# Existence of Greatest Common Divisor

## Theorem

$\forall a, b \in \Z: a \ne 0 \lor b \ne 0$, there exists a largest $d \in \Z_{>0}$ such that $d \divides a$ and $d \divides b$.

The greatest common divisor of $a$ and $b$ always exists.

## Proof

### Proof of Existence

We have that:

- $\forall a, b \in \Z: 1 \divides a \land 1 \divides b$

so $1$ is always a common divisor of any two integers.

$\Box$

### Proof of there being a Largest

As the definition of $\gcd$ shows that it is symmetric, we can assume without loss of generality that $a \ne 0$.

First we note that from Absolute Value of Integer is not less than Divisors:

- $\forall c \in \Z: \forall a \in \Z_{>0}: c \divides a \implies c \le \size c \le \size a$

The same applies for $c \divides b$.

Now we have three different results depending on $a$ and $b$:

\(\displaystyle a \ne 0 \land b \ne 0\) | \(\implies\) | \(\displaystyle \gcd \set {a, b} \le \min \set {\size a, \size b}\) | |||||||||||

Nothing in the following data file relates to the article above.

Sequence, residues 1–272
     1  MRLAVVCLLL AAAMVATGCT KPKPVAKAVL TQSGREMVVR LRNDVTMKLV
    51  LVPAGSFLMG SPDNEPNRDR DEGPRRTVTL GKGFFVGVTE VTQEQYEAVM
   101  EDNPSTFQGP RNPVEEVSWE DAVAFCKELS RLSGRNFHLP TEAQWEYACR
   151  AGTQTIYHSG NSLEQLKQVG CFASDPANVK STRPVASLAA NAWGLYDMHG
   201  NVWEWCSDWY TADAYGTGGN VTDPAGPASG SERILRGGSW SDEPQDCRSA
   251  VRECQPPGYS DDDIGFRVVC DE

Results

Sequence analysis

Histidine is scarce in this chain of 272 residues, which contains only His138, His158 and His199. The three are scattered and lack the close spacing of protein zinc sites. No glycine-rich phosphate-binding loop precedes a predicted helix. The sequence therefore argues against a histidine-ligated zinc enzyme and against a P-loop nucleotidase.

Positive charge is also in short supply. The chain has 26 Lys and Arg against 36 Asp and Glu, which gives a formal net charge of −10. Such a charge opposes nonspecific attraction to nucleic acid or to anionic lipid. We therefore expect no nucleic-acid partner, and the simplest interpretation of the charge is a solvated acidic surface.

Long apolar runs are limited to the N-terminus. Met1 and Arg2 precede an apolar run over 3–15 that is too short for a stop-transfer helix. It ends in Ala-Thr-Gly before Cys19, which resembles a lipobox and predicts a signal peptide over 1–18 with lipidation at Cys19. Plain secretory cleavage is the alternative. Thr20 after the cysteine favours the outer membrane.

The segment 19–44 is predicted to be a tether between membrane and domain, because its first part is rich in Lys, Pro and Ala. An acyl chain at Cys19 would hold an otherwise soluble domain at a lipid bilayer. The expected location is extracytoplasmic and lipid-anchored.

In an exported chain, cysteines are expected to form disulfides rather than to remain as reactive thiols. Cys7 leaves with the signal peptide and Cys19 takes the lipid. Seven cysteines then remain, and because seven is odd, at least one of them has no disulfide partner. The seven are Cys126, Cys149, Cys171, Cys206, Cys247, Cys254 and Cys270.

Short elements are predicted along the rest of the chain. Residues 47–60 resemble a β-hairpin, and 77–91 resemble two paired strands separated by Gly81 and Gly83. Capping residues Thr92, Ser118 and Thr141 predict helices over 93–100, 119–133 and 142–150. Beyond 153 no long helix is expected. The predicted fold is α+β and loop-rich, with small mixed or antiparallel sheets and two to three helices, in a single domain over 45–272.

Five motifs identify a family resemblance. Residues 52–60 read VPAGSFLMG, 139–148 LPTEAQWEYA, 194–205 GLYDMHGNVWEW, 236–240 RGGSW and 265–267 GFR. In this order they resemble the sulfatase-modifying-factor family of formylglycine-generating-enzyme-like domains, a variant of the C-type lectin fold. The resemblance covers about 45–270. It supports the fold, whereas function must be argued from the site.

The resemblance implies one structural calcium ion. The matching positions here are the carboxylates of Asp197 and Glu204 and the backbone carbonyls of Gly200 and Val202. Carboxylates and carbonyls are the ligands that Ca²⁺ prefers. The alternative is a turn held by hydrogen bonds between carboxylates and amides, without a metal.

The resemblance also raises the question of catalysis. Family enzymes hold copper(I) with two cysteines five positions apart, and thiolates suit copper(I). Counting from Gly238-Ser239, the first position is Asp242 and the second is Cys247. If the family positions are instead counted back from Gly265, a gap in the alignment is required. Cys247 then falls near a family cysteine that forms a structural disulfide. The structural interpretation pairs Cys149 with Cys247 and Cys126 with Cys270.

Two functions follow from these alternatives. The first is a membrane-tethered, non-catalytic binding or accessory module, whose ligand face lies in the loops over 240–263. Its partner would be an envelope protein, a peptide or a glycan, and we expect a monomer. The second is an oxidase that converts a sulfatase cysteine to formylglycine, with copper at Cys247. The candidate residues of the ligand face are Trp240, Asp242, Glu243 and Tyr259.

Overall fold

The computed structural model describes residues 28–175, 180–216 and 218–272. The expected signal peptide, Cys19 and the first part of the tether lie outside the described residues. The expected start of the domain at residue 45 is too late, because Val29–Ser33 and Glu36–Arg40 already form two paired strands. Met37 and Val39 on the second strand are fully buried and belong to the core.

\(\displaystyle a = 0 \lor b = 0\) | \(\implies\) | \(\displaystyle \gcd \set {a, b} = \max \set {\size a, \size b}\) | |||||||||||

\(\displaystyle a = b = 0\) | \(\implies\) | \(\displaystyle \forall x \in \Z: x \divides a \land x \divides b\) |

So if $a$ and $b$ are *both* zero, then *any* $n \in \Z$ divides both, and there is no greatest common divisor.

This is why the proviso that $a \ne 0 \lor b \ne 0$.

So we have proved that common divisors exist and are bounded above.

Therefore, from Set of Integers Bounded Above by Integer has Greatest Element there is always a **greatest** common divisor.

$\blacksquare$

## Sources

- 1951: Nathan Jacobson:
*Lectures in Abstract Algebra: Volume $\text { I }$: Basic Concepts*... (previous) ... (next): Introduction $\S 6$: The division process in $I$ - 1969: C.R.J. Clapham:
*Introduction to Abstract Algebra*... (previous) ... (next): Chapter $3$: The Integers: $\S 11$. Highest Common Factor: Theorem $19$ - 1969: C.R.J. Clapham:
*Introduction to Abstract Algebra*... (previous) ... (next): Chapter $6$: Polynomials and Euclidean Rings: $\S 28$. Highest Common Factor: Example $54$ - 1971: George E. Andrews:
*Number Theory*... (previous) ... (next): $\S 2.2$: Theorem $2.2$